The chairman of a large Kiwi agricultural company is asked why there aren’t any women on his corportate board.
“There’s no place for sheilas in this conservative, provincial boardroom, apart from making the tea,” is his gobsmacking response.
That’s the introduction to a piece on women in business in the April issue of Next.
It wouldn’t have surprised me if the comment had been made early to mid last century but the magazine dates it as 2002.
Given we had our second female Prime Minsiter by then and other women in prominent public roles, I’d have hoped that outdated attitude to a woman’s place might have been consigned to history more than seven years ago.
Stats show that women are still under represented in the upper echelons of business but I’m not so concerned by the numbers as the attitude.
Whether women are sitting at board tables isn’t as important to me as whether they could be – both by having the skills and abilities required, and because gender isn’t an issue in elections and appointments.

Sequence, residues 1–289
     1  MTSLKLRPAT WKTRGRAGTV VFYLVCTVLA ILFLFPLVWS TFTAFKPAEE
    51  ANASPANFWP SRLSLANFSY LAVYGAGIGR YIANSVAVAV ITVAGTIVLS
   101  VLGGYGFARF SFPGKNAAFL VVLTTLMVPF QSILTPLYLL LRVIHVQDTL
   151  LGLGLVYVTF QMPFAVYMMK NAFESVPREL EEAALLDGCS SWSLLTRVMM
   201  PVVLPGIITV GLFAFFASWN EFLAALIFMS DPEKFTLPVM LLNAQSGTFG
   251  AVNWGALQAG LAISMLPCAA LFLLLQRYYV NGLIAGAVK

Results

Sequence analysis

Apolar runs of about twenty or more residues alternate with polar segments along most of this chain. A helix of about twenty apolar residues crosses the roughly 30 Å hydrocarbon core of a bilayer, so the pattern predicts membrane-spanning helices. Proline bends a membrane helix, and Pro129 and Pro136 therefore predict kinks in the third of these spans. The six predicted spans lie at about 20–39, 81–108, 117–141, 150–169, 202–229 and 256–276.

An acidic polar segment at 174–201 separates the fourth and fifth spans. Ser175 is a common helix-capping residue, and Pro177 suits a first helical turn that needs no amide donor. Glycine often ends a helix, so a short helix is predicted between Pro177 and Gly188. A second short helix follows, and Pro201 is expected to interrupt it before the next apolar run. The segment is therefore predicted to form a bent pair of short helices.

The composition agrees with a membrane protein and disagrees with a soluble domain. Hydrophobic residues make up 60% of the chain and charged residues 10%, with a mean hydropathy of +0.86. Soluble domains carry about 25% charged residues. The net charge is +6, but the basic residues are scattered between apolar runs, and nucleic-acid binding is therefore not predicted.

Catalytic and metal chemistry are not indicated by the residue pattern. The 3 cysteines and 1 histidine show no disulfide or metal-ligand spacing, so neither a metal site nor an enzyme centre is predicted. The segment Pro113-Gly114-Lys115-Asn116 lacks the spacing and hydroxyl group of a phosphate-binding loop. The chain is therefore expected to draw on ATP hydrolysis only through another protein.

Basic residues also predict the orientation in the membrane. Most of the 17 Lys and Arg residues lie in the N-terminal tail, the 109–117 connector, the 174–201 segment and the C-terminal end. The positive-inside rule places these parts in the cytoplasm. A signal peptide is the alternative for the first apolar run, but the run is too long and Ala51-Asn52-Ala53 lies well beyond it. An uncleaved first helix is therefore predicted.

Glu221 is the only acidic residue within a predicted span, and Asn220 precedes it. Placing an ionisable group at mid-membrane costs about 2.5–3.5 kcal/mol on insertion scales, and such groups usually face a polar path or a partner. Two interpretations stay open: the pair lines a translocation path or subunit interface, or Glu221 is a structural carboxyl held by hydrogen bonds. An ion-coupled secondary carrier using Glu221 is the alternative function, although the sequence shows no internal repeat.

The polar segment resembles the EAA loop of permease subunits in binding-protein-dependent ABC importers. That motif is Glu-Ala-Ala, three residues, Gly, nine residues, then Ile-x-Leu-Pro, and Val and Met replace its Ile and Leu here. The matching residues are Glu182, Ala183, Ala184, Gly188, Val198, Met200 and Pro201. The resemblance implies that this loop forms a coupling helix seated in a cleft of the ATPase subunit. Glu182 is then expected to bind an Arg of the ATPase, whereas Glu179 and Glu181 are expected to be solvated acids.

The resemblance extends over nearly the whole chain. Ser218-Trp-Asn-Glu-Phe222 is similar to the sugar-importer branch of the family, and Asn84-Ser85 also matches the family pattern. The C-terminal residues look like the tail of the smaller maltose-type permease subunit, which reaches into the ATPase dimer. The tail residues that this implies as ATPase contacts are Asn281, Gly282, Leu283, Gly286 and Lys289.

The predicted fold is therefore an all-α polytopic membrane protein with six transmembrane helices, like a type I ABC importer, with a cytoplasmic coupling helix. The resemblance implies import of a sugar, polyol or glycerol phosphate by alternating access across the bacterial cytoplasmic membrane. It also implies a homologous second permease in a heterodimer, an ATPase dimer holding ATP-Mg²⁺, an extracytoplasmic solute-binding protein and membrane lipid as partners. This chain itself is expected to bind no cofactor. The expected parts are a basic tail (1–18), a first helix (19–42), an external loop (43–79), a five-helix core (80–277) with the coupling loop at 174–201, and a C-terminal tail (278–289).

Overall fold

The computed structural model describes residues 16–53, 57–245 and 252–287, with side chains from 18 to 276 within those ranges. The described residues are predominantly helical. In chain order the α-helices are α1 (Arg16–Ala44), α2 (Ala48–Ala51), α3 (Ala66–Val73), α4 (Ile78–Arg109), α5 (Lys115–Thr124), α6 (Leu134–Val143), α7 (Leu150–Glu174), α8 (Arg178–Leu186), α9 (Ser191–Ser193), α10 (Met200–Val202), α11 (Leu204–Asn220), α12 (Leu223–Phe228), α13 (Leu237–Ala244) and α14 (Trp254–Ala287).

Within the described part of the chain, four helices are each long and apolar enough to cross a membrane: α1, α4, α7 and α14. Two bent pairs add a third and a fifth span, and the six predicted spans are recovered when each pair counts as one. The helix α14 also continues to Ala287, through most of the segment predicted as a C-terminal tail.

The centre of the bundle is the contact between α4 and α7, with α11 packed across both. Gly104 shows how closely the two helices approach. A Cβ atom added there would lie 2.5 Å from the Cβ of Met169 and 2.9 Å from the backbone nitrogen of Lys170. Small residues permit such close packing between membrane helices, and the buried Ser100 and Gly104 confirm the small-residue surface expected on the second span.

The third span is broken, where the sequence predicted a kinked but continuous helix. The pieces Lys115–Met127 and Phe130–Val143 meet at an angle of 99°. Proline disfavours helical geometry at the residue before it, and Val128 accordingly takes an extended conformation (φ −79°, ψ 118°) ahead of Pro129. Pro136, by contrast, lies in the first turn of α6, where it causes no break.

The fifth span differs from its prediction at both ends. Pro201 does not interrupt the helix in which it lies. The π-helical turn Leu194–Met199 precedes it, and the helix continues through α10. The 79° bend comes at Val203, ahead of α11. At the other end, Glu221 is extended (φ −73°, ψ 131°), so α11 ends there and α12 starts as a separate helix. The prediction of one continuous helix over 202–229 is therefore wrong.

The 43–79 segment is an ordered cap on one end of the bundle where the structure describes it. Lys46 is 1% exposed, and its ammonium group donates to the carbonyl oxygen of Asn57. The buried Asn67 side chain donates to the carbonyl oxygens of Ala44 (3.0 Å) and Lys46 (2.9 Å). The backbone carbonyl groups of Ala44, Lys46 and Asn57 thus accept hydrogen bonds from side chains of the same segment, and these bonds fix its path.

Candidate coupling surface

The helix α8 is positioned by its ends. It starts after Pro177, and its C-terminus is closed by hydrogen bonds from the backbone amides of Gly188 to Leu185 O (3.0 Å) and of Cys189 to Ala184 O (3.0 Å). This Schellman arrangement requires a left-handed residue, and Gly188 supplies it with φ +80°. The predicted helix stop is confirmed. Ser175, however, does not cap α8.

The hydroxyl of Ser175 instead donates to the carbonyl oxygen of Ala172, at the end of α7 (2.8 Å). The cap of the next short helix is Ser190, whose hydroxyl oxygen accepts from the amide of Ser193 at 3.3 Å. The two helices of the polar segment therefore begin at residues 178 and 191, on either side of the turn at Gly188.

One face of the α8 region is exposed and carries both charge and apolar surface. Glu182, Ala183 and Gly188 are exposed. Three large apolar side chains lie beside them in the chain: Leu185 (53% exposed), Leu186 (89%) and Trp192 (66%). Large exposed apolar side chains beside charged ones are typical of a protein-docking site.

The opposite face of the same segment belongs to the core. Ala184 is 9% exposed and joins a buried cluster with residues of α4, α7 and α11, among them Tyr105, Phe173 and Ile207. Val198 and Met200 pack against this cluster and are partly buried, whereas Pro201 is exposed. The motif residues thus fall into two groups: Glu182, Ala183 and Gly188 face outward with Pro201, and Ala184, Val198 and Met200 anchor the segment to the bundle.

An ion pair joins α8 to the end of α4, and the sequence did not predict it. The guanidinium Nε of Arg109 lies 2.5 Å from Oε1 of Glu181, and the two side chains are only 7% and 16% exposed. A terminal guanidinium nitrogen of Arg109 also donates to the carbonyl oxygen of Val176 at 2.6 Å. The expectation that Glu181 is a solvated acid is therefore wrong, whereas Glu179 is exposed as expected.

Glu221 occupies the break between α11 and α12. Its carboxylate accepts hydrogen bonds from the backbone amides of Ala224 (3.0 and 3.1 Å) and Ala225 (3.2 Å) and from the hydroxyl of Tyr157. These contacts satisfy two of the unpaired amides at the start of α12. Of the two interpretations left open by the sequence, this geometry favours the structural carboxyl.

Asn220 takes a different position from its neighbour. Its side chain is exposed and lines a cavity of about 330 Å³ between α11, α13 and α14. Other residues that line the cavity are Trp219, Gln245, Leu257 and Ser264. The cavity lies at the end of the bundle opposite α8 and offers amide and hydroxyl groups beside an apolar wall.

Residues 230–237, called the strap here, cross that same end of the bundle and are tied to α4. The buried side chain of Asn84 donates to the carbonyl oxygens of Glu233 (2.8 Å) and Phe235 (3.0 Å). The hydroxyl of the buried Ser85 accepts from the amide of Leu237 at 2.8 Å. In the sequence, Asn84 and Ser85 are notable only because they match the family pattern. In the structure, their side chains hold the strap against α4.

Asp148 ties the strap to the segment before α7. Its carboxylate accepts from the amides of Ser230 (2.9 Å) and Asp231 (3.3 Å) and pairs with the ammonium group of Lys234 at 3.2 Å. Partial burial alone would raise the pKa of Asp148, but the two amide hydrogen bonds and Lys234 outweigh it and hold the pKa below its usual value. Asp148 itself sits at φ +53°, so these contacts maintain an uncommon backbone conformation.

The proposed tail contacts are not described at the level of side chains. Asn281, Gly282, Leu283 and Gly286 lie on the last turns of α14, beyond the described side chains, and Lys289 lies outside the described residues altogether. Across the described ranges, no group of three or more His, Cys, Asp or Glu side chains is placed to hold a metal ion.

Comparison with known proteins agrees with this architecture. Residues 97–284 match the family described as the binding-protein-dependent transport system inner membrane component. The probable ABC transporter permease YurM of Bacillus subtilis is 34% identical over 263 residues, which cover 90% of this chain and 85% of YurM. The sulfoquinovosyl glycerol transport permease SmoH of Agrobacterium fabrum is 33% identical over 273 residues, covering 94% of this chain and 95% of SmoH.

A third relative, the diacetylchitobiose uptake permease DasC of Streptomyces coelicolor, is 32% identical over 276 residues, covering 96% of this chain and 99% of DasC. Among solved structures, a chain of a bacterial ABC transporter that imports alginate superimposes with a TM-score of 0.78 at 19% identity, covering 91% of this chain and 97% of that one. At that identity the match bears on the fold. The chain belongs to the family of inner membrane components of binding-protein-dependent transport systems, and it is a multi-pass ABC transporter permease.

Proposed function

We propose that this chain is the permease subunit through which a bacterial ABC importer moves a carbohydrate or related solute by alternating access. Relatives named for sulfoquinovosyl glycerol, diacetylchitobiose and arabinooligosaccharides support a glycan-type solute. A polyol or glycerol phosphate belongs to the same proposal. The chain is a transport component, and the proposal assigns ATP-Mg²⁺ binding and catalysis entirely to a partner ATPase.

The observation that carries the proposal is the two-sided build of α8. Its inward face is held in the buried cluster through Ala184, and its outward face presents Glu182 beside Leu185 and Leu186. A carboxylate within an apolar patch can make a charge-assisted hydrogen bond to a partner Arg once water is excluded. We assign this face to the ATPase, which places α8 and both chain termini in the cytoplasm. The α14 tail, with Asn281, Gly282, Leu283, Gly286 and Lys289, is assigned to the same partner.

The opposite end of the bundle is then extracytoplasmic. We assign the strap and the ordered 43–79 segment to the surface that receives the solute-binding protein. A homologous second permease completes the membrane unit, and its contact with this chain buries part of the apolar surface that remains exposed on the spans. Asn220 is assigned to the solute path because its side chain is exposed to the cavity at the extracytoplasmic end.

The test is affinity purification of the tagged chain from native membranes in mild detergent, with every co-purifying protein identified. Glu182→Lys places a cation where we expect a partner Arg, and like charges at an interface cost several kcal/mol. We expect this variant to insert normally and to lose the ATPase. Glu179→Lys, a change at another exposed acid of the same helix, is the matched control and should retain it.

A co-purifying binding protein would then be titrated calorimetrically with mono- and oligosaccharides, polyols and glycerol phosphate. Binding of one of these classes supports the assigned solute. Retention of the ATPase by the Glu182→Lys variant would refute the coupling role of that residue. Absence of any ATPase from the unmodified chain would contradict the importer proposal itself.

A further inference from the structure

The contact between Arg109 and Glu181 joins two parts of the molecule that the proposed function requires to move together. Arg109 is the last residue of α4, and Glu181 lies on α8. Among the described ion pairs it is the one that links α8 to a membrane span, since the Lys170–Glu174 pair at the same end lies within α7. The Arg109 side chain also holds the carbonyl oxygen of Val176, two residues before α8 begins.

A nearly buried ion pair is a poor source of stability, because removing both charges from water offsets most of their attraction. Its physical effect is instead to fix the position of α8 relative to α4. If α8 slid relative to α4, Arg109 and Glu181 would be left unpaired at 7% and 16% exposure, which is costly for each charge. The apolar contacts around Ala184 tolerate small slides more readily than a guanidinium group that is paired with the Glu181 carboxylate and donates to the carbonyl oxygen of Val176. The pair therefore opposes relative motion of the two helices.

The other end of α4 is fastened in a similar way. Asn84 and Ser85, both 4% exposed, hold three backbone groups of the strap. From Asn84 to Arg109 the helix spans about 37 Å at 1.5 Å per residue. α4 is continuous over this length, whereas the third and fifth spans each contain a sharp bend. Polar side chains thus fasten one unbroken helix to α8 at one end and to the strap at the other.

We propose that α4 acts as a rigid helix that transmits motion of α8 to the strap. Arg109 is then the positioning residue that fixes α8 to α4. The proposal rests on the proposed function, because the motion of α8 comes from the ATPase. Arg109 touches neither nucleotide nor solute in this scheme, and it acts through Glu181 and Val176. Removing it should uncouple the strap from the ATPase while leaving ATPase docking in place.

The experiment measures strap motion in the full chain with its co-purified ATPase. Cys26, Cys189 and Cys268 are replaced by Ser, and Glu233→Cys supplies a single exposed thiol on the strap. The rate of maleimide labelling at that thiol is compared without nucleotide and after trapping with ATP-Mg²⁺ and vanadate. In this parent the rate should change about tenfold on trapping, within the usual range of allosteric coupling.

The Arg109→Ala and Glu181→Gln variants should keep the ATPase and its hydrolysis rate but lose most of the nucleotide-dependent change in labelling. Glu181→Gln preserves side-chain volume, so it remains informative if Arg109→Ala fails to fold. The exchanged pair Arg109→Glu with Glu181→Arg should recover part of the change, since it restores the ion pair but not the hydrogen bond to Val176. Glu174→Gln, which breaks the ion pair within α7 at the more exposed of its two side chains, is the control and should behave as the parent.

But the two are related and the low numbers do suggest that regardless of qualifications and experience, having a y chromosome makes some candidates for directorships and management more equal than others.
However, the news isn’t all bad. A friend employs a lot of people and more than 80 percent are women. That’s partly a reflection on the nature of his business, but he said it’s also because they’ve found women in senior roles perform at least as well as if not better than men.
His explanation for that was that, having had to work harder and smarter to prove themselves, women continued to work that way.
But if that’s the case, does that mean it it’s still harder for women to get to and stay at the top? If it does, then the attitude to women hasn’t moved nearly far enough from the one illustrated by the opening quote.